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From Jörn Kottmann <kottm...@gmail.com>
Subject Re: generics: createFilteredIterator
Date Wed, 12 Aug 2009 10:18:08 GMT
Thilo Goetz wrote:
> Jörn Kottmann wrote:
>   
>> Adam Lally wrote:
>>     
>>> On Fri, Aug 7, 2009 at 2:32 PM, Marshall Schor<msa@schor.com> wrote:
>>>  
>>>       
>>>> The createFilteredIterator method in CASImpl takes an FSIterator and an
>>>> FSMatchConstraint, and returns another iterator.
>>>>
>>>> The generification of this is:
>>>>  public<T extends FeatureStructure> FSIterator<T>
>>>> createFilteredIterator(FSIterator<T> it, FSMatchConstraint cons) {
>>>>    return new FilteredIterator<T>(it, cons);}
>>>>
>>>> This means that the type of the objects being returned will be the same
>>>> as the type of the objects of the iterator passed in.
>>>>
>>>> If the effect of the filtering is to filter the first iterator down to a
>>>> subset of the types of the original, this cannot be represented with
>>>> this signature.
>>>>
>>>> An alternate generification might be as follows, with type T being the
>>>> type the input iterator gives out, and U being the type the filtered
>>>> iterator produces:
>>>>
>>>>  public<T extends FeatureStructure, U extends T> FSIterator<U>
>>>> createFilteredIterator(FSIterator<T> it, FSMatchConstraint cons) {
>>>>    return new FilteredIterator<T, U>(it, cons);}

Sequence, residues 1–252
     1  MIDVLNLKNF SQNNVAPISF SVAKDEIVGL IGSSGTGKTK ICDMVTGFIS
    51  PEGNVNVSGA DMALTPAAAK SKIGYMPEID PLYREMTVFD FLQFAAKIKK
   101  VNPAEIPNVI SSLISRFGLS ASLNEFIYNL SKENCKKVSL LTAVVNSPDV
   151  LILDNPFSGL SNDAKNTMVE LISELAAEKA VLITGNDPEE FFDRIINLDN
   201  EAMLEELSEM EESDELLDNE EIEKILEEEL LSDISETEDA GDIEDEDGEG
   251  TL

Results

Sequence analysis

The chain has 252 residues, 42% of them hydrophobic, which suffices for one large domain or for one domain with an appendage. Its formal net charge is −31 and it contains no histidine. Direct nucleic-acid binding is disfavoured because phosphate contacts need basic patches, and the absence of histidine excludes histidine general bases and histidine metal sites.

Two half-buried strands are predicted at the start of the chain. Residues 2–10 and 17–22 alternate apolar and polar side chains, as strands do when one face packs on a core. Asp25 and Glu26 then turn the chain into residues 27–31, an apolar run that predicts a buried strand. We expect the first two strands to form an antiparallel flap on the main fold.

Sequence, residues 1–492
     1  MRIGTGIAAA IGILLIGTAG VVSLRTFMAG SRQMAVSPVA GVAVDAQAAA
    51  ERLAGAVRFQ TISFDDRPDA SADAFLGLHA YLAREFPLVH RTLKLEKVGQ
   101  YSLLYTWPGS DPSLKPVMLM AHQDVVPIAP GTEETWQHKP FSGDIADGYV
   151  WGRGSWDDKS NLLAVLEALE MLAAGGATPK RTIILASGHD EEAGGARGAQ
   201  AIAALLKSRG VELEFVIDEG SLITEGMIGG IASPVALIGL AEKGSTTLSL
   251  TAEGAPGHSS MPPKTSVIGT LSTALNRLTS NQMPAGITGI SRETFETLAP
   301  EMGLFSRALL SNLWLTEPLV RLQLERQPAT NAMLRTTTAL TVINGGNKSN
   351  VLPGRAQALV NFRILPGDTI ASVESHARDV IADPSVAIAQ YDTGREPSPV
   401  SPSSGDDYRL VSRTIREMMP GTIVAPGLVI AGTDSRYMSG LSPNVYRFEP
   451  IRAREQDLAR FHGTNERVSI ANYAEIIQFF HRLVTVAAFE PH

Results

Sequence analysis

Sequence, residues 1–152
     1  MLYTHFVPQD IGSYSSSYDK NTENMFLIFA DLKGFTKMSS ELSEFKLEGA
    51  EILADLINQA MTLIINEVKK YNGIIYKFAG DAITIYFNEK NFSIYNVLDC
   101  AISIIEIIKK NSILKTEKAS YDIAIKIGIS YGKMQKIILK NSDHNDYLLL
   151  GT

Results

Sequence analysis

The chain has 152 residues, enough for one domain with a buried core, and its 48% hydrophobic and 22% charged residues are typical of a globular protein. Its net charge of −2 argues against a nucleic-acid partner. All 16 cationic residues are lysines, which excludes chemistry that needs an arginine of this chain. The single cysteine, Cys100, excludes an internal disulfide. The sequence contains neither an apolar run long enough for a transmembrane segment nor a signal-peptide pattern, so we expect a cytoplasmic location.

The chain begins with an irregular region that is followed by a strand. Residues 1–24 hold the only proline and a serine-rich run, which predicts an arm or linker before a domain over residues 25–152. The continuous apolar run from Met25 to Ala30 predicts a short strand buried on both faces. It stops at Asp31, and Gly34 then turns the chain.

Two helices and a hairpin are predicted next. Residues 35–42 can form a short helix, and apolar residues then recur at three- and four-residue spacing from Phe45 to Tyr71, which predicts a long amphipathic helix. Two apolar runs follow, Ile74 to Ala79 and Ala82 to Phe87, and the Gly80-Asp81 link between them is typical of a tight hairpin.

>>>>
>>>> with the corresponding changes to the class FilteredIterator, and the
>>>> CAS interface (to match this new signature).
>>>>
>>>> With these changes, users can write code:
>>>>  public static void t3(CAS aCas, FSIterator<FeatureStructure> it,
>>>> FSMatchConstraint cons) {
>>>>    FSIterator<Subtype> s = aCas.createFilteredIterator(it, cons);
>>>>  }
>>>>
>>>> Without these changes, users would be forced to have the filtered
>>>> iterator's generic type always equal to the original type.
>>>>
>>>> Is this something we should change (given that we only get one chance to
>>>> do our generification)?
>>>>
>>>>     
>>>>         
>>> I'm not sure.  This user's code would compile regardless of whether
>>> the FSMatchConstraint actually implemented the subtype constraint or
>>> not.  It's quite possible that the code would compile and then fail
>>> with a ClassCastException.
>>>   
>>>       
>> Yes, but if someone writes it intentional he would get the same
>> exception during class casting. That means not doing it would only help
>> someone who picks the wrong type for the variable by accident, since its
>> likely that
>> the code cannot run it will fail immediately.
>>
>> Another option would be to add a new createFilteredIterator method which
>> takes a Class object as argument and then reduces its output to objects
>> which
>> have the type of the class.
>>
>> <T extends FeatureStructure> FSIterator<T> createFilteredIterator(...,
>> Class<T> type)
>>
>> Since it only returns objects of the correct type T it should not fail.
>>
>> Jörn
>>
>>     
>
> That would work only for the JCas, obviously.  However, the JCas
> does not use Java classes to represent UIMA types (there's probably
> a good reason for that, but I don't know what it is).
>   
It can work for both JCas and CAS. In the CAS case the implementation
of the method could use Class.isInstance to filter out objects which
have the wrong type.

Jörn

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